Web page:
Business
Google denies unfair practices, promises to cooperate in probe
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Published : Sep 7, 2011 - 19:30
Updated : Sep 7, 2011 - 19:30
FTC antitrust investigators search company’s Seoul office


Google Inc. denied any alleged unfair business practices in Korea, the day after antitrust officials raided its Seoul offices on Tuesday.

The Fair Trade Commission stormed Google’s office as part of its probe into an allegation that the global tech giant requires smartphone manufacturers to include Google Search or its applications on Android-powered devices.

In April, the nation’s leading Internet portals Naver and Daum filed a complaint with the state-run antitrust regulator claiming that Google’s search engine is installed as a default navigation tool and it is impossible for users to switch to another option.

Google, the world’s No. 1 search engine, however, denied the allegation even though it promised to cooperate with the investigation of Korean authorities.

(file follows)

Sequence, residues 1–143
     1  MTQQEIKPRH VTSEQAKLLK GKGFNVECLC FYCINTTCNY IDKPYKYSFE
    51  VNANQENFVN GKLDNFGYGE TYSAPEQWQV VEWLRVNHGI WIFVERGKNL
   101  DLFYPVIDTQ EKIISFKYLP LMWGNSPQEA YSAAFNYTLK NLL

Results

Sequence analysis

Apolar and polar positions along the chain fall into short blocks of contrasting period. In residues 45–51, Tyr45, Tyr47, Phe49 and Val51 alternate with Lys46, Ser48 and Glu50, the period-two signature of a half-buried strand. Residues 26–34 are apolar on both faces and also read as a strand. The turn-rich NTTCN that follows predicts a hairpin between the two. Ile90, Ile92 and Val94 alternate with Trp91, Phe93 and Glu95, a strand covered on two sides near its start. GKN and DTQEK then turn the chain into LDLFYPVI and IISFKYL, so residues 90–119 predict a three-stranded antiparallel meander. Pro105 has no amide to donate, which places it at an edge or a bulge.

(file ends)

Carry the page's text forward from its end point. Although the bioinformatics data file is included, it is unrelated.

“We will work with the KFTC to address any questions they may have about our business,” a Google spokesperson was quoted as saying by local media.

“Android is an open platform, and carrier and OEM (original equipment manufacturer) partners are free to decide which applications and services to include on their Android phones,” the spokesperson said, asking not to be named.

It was the third time that Google has been probed or raided by Korean antitrust authorities regarding its smartphone-related businesses.

Google is also currently under investigation by antitrust regulators in the U.S. and Europe.

As the investigation came after Google’s purchase of Motorola Mobility in August, industry sources expected the worldwide regulatory pressure on the search giant would get more severe.

FTC chairman Kim Dong-soo also hinted at an investigation into the surprise takeover. “The issue would greatly affect the Korean economy,” he said.

“For now, we are collecting data but has yet to launch an official process as there has been no application made for the approval of the takeover deal,” Kim said recently.

Antitrust laws require companies to report their acquisition of a firm with assets worth 2 trillion won or more to the FTC within the period before acquiring the stocks, but after inking a deal.

By Lee Ji-yoon (jylee@heraldcorp.com)
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